As a movie, Daredevil was alright as a movie, but man were there ever some serious legal errors and oddities.  We watched the Director’s Cut, which includes a major subplot left out of the theatrical version.  Like all of our reviews, this one is full of spoilers.

I. Matt Murdock, Felon

One of the most unbelievable aspects of the film is that Murdock brazenly commits multiple felonies and misdemeanors throughout the film.  Entirely apart from whether committing a crime in the service of the greater good is morally excusable, Murdock’s actions were just stupid.  Here’s a brief rundown of the worst examples:

In the Director’s Cut, while investigating the murder a client was wrongly accused of, Matt and Foggy break into the victim’s apartment and look for evidence.  This is second degree criminal trespass at a minimum and second degree burglary if he intended to commit any further crimes while inside (such as taking evidence). N.Y. Penal Law §§ 140.15, 140.25.  The former is a misdemeanor, the latter is a felony.  Notably, although the break in was Matt’s idea, Foggy came along, making him likewise guilty of trespass.  By not reporting Matt’s crime Foggy is also committing an ethical breach of his own, since the crime is one that “raises a substantial question as to that lawyer’s honesty, trustworthiness or fitness as a lawyer.”  New York Rule of Professional Conduct 8.3(a).

It’s also worth noting that there may not have been any legal way to gain access to the victim’s apartment, assuming that the landlord or victim’s heirs would not consent.  New York courts have held that criminal defendants have no right to inspect a victim’s home, at least once it ceases to be a crime scene in control of the state.  See, e.g., Kaplan v. Tomei, 638 N.Y.S.2d 350 (App.Div. 1996); People v. Kyriazas, 2002 WL 31972172 (Sup.Ct. 2002).  That doesn’t justify what Matt and Foggy did, though.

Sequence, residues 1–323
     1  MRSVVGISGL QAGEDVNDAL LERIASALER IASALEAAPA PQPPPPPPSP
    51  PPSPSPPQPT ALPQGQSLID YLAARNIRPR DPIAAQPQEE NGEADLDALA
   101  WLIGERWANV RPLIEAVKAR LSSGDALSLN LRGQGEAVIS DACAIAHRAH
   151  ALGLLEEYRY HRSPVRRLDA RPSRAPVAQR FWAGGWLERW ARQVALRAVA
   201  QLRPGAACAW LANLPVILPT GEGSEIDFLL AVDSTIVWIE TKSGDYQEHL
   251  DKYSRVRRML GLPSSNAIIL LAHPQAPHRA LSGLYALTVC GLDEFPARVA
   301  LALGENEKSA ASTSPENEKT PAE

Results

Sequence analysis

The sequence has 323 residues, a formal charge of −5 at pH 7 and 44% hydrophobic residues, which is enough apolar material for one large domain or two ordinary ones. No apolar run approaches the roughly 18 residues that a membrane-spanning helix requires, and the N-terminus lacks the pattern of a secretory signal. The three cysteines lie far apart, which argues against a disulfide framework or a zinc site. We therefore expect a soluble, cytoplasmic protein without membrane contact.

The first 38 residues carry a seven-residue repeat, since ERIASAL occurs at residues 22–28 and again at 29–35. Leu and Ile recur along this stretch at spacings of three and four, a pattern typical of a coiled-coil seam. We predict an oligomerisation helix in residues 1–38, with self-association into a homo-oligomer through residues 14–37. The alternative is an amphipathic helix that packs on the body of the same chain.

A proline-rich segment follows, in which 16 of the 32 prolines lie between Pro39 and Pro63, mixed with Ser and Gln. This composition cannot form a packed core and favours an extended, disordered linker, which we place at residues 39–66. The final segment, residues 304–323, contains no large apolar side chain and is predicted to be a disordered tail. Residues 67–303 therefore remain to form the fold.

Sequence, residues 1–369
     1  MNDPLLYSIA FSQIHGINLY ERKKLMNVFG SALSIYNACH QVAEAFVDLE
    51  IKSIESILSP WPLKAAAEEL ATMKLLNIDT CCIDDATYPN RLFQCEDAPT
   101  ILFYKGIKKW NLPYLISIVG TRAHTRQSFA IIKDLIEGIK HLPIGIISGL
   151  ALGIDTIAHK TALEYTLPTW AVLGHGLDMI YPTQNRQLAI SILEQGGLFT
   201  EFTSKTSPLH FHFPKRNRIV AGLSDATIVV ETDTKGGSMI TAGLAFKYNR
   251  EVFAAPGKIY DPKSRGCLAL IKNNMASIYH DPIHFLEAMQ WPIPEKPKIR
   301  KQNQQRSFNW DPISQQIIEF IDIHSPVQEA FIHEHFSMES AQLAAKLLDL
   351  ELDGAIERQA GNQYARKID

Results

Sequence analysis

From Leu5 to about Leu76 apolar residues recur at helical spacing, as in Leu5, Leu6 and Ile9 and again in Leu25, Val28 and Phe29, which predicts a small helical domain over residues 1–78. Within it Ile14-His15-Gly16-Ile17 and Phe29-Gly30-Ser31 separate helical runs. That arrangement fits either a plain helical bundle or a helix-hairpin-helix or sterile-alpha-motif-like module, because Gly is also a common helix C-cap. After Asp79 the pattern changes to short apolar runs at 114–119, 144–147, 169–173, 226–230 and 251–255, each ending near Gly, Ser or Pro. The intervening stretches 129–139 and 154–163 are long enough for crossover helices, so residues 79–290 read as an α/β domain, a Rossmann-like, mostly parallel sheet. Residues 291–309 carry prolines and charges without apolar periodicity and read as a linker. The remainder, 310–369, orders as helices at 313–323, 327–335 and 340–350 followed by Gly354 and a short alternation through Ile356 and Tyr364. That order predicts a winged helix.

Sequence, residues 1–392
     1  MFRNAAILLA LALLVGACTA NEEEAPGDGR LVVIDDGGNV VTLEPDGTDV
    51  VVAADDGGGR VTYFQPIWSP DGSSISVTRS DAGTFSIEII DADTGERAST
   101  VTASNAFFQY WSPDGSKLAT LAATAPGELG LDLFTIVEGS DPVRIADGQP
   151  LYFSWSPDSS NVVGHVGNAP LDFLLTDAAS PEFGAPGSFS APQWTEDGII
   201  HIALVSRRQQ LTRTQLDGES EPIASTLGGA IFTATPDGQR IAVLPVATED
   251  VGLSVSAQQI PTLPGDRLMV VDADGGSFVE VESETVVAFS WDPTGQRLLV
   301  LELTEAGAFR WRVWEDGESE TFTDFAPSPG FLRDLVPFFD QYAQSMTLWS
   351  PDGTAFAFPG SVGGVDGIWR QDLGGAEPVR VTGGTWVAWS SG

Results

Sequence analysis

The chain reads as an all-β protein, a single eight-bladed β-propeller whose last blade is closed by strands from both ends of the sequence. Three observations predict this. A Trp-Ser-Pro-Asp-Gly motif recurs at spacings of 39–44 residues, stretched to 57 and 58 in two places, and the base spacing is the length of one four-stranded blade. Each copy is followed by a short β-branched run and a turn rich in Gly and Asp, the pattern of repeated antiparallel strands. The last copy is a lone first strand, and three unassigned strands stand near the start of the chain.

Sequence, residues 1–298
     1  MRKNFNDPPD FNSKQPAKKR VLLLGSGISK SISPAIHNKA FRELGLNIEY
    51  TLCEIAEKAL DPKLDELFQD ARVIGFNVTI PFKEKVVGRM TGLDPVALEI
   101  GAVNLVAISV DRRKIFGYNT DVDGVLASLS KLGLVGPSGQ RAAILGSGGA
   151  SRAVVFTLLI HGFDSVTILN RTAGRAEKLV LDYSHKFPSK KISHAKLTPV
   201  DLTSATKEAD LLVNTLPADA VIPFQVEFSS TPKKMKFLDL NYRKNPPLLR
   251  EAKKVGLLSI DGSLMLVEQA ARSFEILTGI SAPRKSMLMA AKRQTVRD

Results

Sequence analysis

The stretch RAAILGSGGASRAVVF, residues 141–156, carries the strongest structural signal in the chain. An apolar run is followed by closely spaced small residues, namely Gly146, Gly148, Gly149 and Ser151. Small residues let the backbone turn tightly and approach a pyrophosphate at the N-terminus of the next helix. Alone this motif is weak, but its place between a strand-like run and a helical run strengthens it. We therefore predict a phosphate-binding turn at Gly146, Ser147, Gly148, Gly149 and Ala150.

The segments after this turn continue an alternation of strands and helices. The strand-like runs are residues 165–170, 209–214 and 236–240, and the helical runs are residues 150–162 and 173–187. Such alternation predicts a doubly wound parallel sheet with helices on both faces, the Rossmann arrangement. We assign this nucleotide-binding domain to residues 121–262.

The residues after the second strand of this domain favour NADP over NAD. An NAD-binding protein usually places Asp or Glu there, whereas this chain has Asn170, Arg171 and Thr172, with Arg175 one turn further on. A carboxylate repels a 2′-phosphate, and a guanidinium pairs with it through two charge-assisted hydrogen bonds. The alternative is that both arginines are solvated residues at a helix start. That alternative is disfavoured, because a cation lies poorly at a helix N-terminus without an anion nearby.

The most egregious example, however, is when Matt confronts a dirty cop working for the Kingpin.  Matt roughs the cop up, handcuffs him to the passenger seat of the cop’s Mercedes, takes the car keys, and proceeds to drive around wildly, smashing up the car, a parked cab, and a dumpster.  We won’t go into the details, but this is, at a minimum, first degree unauthorized use of a vehicle, second degree reckless endangerment, second degree assault, and first degree unlawful imprisonment.  Three of those are felonies.

(It’s worth noting that this is not a robbery.  Robbery is forcible larceny, and larceny requires an intent to permanently appropriate or withhold the property from the owner. There’s no evidence that Matt intended to take the car away.  Nor is it assaulting a police officer since the cop was thoroughly off duty, having just come out of a strip club.)

So in reality Murdock would be looking at a very long prison sentence, especially since the corrupt cop had no reason not to have him arrested and prosecuted.  The fact that it was done to get information out of a corrupt cop is not a defense to anything Matt did, and Matt’s DNA and prints would be all over the scene.  What’s more, as a convicted felon in New York he would be automatically disbarred.  N.Y. Judiciary Law § 90(4).  However, there’s one incident that I thought for sure would be a crime of some kind but appears not to be.

When Murdock first meets Elektra they don’t exactly hit it off.  He follows her outside a coffee shop and grabs her arm to stop her from walking away.  This eventually leads to a friendly sparring match, but the initial contact was definitely unwanted (she says “I don’t like being touched.”).